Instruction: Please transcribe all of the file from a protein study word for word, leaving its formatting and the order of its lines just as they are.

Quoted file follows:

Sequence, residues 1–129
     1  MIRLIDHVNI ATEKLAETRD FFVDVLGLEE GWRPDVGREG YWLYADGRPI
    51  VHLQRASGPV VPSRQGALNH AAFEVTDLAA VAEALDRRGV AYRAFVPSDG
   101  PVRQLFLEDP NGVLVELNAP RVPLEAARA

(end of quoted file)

Sequence, residues 1–129
     1  MIRLIDHVNI ATEKLAETRD FFVDVLGLEE GWRPDVGREG YWLYADGRPI
    51  VHLQRASGPV VPSRQGALNH AAFEVTDLAA VAEALDRRGV AYRAFVPSDG
   101  PVRQLFLEDP NGVLVELNAP RVPLEAARA